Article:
Mathematics Stack Exchange is a question and answer site for people studying math at any level and professionals in related fields. Join them; it only takes a minute:

Sign up
Here's how it works:
  1. Anybody can ask a question
  2. Anybody can answer
  3. The best answers are voted up and rise to the top

So I have a homework problem that I cannot figure out. I am supposed to approximate the value of $\sqrt{(4.98)^2-(3.03)^2}$ using differentials. What I have so far is $$f(x,y)=\sqrt{x^2-y^2}$$ $$\Delta f=f(x+\Delta x,y+\Delta y)-f(x,y)$$ $$df= \frac {\delta f}{\delta x}dx+\frac {\delta f}{\delta y}dy$$ Can I do this? $$ df=\frac{x}{\sqrt{x^2-y^2}}dx-\frac {y}{\sqrt{x^2-y^2}}dy$$ $$\sqrt{(5-.02)^2-(4-.97)^2}$$ $$ df=\frac{5}{\sqrt{5^2-4^2}}(-.02)-\frac {4}{\sqrt{5^2-4^2}}(-.97)$$ $$df=\frac{-5}{3}(.02)+\frac 43(.97)$$ $$df\approx 1.26 $$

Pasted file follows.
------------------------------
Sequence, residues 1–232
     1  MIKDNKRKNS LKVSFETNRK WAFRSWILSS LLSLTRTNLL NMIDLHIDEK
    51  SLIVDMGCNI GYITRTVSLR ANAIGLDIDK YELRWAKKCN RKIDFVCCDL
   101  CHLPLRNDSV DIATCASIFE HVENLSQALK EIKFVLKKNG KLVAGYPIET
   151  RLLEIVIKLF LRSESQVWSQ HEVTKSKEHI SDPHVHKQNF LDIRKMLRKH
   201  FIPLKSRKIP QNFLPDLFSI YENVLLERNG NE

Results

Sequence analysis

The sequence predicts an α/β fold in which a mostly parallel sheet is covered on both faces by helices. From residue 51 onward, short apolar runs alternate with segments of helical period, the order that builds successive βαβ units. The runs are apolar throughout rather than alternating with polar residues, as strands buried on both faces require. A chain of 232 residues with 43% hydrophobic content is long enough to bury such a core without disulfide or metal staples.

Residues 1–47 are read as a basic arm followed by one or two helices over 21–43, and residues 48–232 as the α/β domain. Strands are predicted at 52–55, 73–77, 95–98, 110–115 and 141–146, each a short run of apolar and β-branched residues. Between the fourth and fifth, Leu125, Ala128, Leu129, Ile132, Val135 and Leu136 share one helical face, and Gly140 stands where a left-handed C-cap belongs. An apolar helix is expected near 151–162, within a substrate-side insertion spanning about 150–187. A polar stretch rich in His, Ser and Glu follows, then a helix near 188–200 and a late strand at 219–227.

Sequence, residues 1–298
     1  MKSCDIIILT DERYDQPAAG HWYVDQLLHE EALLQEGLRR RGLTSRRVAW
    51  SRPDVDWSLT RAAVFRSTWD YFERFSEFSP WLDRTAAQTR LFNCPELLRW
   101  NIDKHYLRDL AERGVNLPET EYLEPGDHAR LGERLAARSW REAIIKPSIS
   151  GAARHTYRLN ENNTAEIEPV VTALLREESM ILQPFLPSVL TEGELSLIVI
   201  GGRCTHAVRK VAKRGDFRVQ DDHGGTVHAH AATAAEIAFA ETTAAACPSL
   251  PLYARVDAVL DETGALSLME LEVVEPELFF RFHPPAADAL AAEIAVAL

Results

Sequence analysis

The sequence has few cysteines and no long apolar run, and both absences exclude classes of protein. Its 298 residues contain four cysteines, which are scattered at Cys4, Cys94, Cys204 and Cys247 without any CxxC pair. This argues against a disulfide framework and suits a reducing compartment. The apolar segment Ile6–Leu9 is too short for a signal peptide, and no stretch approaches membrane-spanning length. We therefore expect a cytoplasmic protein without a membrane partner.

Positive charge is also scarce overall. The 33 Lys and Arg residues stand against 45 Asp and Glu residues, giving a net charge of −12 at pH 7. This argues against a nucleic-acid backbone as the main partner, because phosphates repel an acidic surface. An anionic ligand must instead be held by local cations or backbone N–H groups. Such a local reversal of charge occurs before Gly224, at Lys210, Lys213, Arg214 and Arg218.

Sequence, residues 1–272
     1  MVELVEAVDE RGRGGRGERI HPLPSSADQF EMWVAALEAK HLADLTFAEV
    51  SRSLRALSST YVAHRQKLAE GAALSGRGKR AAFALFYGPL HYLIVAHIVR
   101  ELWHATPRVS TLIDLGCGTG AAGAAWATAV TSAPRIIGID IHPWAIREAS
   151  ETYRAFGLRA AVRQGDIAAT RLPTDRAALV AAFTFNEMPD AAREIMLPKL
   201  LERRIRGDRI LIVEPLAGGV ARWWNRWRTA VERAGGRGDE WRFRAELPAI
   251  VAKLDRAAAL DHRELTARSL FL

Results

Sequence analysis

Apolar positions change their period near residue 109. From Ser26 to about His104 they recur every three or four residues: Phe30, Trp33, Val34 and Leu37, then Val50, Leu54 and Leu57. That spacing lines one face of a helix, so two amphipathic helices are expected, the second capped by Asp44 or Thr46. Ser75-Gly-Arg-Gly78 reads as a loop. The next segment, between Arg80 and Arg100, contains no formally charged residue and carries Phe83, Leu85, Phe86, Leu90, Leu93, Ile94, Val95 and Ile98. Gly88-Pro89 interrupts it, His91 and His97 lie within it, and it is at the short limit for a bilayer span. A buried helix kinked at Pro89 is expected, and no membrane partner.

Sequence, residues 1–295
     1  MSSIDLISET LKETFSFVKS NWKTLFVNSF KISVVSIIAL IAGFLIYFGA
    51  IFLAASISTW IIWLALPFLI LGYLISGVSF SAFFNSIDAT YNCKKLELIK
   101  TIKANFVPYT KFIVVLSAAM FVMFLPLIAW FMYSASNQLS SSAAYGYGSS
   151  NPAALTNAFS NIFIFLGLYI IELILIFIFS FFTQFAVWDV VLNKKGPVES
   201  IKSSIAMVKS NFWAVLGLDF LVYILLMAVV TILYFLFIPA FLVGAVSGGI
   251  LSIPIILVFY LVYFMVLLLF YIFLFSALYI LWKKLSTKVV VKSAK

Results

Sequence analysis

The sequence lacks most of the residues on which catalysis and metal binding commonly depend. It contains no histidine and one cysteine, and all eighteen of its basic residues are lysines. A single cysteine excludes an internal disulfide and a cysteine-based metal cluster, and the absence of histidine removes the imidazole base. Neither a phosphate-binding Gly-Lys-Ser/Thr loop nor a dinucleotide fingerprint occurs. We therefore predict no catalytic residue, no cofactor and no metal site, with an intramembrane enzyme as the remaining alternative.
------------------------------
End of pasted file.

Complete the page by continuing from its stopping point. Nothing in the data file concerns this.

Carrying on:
I have the solutions manual and it says the answer should be $3.95$.

What did I do wrong, and how can I get to their answer?

I appreciate any help that anyone has.

share|cite|improve this question
up vote 2 down vote accepted

Looking at it again I realized this $$ df=\frac{x}{\sqrt{x^2-y^2}}dx-\frac {y}{\sqrt{x^2-y^2}}dy$$ With $x=5,\Delta x=-.02,y=3,\Delta y=.03 $ $$f(x+\Delta x,y+\Delta y)=\sqrt{(5-.02)^2-(3+.03)^2}$$ $$ df=\frac{5}{\sqrt{5^2-3^2}}(-.02)-\frac {3}{\sqrt{5^2-3^2}}(.03)$$ $$df=-.0475$$ $$df\approx\Delta f$$ $$f(x+\Delta x,y+\Delta y)=\Delta f+f(x,y)$$ $$f(x+\Delta x,y+\Delta y)\approx3.9525$$

share|cite|improve this answer
That's what I'm saying.. – Berci Nov 11 '12 at 15:28

So, in your example $x=5,\ \Delta x=-.02$, and I guess $y=3$ and $\Delta y=.03$. So, try with $y=3$.

Aand.. you should clarify the question. Maybe they want only to compute $\sqrt{(4.98)^2-(3.03)^2} - \sqrt{5^2-3^2}$.

share|cite|improve this answer

Your Answer


By posting your answer, you agree to the privacy policy and terms of service.

Not the answer you're looking for? Browse other questions tagged or ask your own question.